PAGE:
Tuesday, 20 February 2007

Social Networking & Schools

A cautionary message to School Zone schools from VEN (SZ educational governance group) about the use of social networking sites by young people and why they are blocked in our schools (though schools have the autonomy to unblock any sites and some are). Having highlighted the negatives which are well publicised in the media VEN asks:

"Young people are though using the medium to communicate - a lot. Harnessing the powerful opportunity that social networking sites provide is a real challenge for educators....We are interested in hearing positive ways that social networking sites have been used by schools for educational purposes, and would like to share these."

Lots of examples at http://nzedublogs.wikispaces.com/ Please list your school blogs, podcasts, flickr site... if not already listed.

Schools might find it worthwhile working through this 'educational scenario' as they decide how or even if they will open up social networking sites http://www.stratford-primary.school.nz/home/rachelj/web2/index.html

Allowing our students to engage collaboratively with others online raises issues of ethical, safe and responsible use. There have been stories sensationalised in the media of cyber bullying, inappropriate pictures and personal information published on student sites. People can behave in disinhibiting ways online, saying and doing things they would never do in a face to face situation. (Butterfield, 2005) (Chisholm & Fenaughty, 2006) This can have long lasting consequences as their ‘digital footprint’ may not be so easily edited or erased and could attract unwelcome attention or repercussions. For this reason many schools have blocked social networking sites through their Internet Management Systems. In effect this is a ‘head in the sand’ reaction. Young people are using Web 2.0 tools anyway and in growing numbers. 55% of US teens use social networks (Warlick, 2007); and 52% of all blogs are created and maintained by 13 – 19 year olds (Twist in De Craene, 2006). “Values and ethics are vital. You cannot control whether students CAN do these things. They can. You CAN control what you teach students! … Schools who ignore technology and ignore instilling values in their students could be reaping the negative consequences.” (Davis, 2007) Students need role models of what it means to be a responsible digital citizen. Teachers could do this by becoming involved in social networks and communities of practise thus also giving them a better understanding of what it means to be a networked learner. (Hargreaves in Lee & Berry, 2006) Schools should update their Acceptable Use policies to include the use of social networking and it should cover students use (relevant to school) outside of the ‘school gates’. Monitoring student use (as opposed to blocking) is important. There are many blog and wiki sites available that require log-on authorisation and comment verification allowing teachers to monitor and screen their students’ interactions. This may be a good safety net as students learn to walk safely and wisely in the wider networked world.” For the full paper click here.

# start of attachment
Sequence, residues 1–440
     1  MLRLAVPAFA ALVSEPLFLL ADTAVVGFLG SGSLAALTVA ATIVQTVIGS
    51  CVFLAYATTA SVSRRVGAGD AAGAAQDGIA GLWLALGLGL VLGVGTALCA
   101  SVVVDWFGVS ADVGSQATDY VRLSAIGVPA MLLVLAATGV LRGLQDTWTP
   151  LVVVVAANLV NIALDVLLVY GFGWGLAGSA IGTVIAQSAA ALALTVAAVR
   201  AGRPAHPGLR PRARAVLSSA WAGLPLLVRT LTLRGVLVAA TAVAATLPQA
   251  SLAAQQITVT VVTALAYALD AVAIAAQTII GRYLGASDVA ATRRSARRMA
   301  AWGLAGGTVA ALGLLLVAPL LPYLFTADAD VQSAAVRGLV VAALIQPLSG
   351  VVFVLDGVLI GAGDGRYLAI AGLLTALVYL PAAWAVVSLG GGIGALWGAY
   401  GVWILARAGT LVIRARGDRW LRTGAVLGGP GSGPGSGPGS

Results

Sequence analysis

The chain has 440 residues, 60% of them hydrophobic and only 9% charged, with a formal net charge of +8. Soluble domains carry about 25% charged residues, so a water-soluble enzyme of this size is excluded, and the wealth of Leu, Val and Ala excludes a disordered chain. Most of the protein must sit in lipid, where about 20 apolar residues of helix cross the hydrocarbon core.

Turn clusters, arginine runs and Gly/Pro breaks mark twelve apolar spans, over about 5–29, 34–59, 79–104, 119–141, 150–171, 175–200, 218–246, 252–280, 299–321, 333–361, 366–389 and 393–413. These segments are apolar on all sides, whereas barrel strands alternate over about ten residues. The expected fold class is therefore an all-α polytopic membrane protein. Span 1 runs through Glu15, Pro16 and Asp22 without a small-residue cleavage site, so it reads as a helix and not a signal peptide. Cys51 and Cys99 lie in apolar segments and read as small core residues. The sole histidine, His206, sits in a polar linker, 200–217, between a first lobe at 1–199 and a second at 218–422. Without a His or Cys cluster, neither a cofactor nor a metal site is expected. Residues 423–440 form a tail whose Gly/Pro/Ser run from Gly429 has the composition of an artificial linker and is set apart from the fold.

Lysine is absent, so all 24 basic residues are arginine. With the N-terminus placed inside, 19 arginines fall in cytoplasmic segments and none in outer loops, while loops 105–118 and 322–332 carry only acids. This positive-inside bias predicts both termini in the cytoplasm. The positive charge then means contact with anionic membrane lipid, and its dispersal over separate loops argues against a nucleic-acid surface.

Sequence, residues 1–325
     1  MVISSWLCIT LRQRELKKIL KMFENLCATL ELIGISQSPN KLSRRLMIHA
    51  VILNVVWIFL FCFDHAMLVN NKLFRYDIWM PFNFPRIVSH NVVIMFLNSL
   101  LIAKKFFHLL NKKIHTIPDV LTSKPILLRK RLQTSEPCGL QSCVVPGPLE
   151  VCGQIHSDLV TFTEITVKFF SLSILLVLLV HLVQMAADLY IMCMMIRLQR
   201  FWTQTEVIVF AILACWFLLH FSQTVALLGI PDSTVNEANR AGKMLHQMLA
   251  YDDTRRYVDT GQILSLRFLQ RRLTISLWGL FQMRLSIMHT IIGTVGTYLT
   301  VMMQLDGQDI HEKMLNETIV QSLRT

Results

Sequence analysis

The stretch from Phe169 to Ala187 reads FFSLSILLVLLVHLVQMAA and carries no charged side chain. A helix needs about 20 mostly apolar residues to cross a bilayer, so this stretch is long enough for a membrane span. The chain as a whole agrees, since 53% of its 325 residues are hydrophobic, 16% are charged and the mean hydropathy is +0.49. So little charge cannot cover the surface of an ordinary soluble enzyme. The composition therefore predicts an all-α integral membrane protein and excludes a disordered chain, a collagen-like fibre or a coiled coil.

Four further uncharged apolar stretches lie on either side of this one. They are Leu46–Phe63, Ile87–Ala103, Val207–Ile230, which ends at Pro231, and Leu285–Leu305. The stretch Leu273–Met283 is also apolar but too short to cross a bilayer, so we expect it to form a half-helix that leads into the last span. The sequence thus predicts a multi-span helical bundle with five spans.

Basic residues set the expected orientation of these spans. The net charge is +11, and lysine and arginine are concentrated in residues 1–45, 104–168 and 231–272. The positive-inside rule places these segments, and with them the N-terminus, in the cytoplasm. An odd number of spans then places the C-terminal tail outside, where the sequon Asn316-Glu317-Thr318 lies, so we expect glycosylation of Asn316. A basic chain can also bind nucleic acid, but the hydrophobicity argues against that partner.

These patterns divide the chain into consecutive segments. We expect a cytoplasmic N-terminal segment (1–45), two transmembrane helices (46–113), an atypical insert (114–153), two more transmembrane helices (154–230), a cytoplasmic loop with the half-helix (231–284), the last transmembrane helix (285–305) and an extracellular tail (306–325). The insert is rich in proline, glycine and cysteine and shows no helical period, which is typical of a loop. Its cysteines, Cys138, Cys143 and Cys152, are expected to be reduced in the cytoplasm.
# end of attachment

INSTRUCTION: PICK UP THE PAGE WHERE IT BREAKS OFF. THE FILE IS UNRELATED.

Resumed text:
Web 2.0 is the buzzword - it will be the walk & talk of Learning at School. TUANZ07 keynote speakers are edublog celebrities also so there will be no escaping the Web 2.0 bandwagon when it comes to town. In our enthusiasm for hooking in to the Connected World (& i am pretty enthusiastic myself) lets also not forget to be critical of the issues involved and how can we address them in our schools.
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